The basis of the application for review is the ruling of this Court in MA No.  452 of 2011 arising from CAD/ARB number 4 of 2011 delivered on the 25th of November, 2011.  In that application the Applicant who is also the Applicant in this matter filed an application in the Commercial Court Division under section 34 (2) (b) (i) and (ii), 34 (2) (3) of the Arbitration and Conciliation Act and rule 13 of the Arbitration Rules for orders that the CT scan and fluoroscopy equipment valued at United States dollars 594,983 was illegally imported, installed and commissioned contrary to the provisions of the Atomic Energy Act. The Court agreed with the arbitrator that the importation and installation of the CT scan and fluoroscopy was illegal and unenforceable provision of the contract between the parties.  I also held that:

“As far as the remainder of the contract is concerned the arbitrators award remains and the matter is referred back to the arbitrator for reconsideration and to adjust the award if necessary to the effect that any costs, expenditure, damages arising directly or indirectly from the importation, installation and commissioning of the Fluoroscopy and CT scan equipment are excluded.  The Court shall make no comment with regard to the action to be taken by the state as far as the illegal equipment is concerned.  I just need to state that such equipment cannot be used without clearance by the Council under the Atomic Energy Act.  Under the Act “Council” means the Atomic Energy Council established by section 4.”

Finally the Court concluded as follows:

“In the premises the award is referred back to the Arbitral Tribunal as prayed for by the parties with the directions that I have given above.  MA No. 534 of 2011 for cash security for the enforcement of the full decreed amount is stayed pending the decision of the arbitral tribunal without prejudice to enforcement of the uncontested portion of the award which may go ahead.  Each party shall bear its own costs of this application.”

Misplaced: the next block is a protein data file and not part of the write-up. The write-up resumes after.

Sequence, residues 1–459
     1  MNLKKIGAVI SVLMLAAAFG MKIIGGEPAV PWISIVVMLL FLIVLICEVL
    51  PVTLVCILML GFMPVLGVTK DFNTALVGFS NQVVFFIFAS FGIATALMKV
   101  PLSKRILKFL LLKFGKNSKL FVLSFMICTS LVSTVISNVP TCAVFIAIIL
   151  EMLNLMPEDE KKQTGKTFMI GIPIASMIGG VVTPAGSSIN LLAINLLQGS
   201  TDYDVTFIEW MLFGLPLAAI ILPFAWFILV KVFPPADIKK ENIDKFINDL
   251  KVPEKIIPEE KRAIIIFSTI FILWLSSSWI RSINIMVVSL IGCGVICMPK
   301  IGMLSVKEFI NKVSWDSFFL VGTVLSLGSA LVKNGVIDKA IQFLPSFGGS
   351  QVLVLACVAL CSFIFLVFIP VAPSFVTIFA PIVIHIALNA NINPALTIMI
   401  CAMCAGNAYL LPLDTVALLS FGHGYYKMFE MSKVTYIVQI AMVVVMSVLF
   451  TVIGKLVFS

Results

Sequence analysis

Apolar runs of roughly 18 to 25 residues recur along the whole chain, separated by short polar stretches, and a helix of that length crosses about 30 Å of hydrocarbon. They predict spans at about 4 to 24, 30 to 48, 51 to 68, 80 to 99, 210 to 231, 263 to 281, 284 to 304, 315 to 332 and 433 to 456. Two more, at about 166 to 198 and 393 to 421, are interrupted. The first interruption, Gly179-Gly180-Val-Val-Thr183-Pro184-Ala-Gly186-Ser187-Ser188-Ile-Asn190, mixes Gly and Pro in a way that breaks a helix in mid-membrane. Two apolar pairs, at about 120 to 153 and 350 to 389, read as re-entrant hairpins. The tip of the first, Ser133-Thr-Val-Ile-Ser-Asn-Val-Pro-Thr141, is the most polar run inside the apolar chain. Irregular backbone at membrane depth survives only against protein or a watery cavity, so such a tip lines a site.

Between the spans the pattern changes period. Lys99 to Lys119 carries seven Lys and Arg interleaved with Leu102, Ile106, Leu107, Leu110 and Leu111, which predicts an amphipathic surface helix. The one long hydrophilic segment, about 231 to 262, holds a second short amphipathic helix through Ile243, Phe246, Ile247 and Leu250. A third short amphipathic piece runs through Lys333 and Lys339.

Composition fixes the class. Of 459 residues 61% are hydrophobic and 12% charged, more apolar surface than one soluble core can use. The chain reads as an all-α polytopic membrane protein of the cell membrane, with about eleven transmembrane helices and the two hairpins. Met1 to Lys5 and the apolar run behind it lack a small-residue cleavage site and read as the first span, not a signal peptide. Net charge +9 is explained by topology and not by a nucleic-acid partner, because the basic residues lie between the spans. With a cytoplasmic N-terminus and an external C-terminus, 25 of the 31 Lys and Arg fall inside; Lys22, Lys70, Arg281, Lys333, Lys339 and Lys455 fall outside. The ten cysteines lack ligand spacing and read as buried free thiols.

It is quite clear from the above passages that the Court never made an order or decreed the payment or enforcement of the uncontested portion of the award.  The Court only noted that its decision staying application for enforcement of the full decreed amount was without prejudice to the enforcement of the uncontested portion of the award.  The begging question is what was the award?  The award of the arbitrator is at page 39 of the award and is dated 25th of July, 2011 and reads as follows:

“In the result, having dismissed the counterclaim with no orders as to costs and having found for the claimant in the greater part, I make the award as follows;

  1. The Respondent pays the claimant a total of USD 487,827.36 as per article 2 clauses 2.1.1, 2.1.2, and 2.1.3 (II), (III) of annex “A” dated 26th of June, 2009 and the addendum annex A 2 dated the 1st day of October 2009 as attached to the statementof claim.
  2. The claimant is awarded an amount of Uganda shillings 10,000,000/= in general damages.
  3. The claimant is awarded interest on (a) and (b) above at the rate of 19.97% per annum from the date of judgment till payment in full.
  4. The claimant is also awarded costs of this arbitration.

Pursuant to the above award the Applicant applied to the High Court for orders that: the CT scan and fluoroscopy worth U.S. dollars 594,983 was illegally imported, installed and commissioned and that the claim founded on the two equipments cannot be settled by arbitration under the laws of Uganda.  Secondly that United States dollars 594,983 and the cost of the illegally imported equipment’s be excluded from the contract sum and therefore the legally enforceable total contract consideration be adjusted to U.S. dollars 424,711.8 from United States dollars 1,019,694.8.  This meant in effect the arbitral tribunal award as proposed to be adjusted from US$ 487,827.36 to US $ 424,711.8 a difference of US $ 63,115.56 according to the Applicant’s application. The Applicant also sought orders that 5% and 25% payment provided for under the contract should exclude the value of the illegally imported equipment.  It was also for an order that the Respondent cannot claim for any profit and interest arising from the imported equipment challenged on grounds of illegality.  Finally the Applicant sought orders for the arbitration Court to re-compute the arbitral award less costs of equipment illegally imported, installed and commissioned.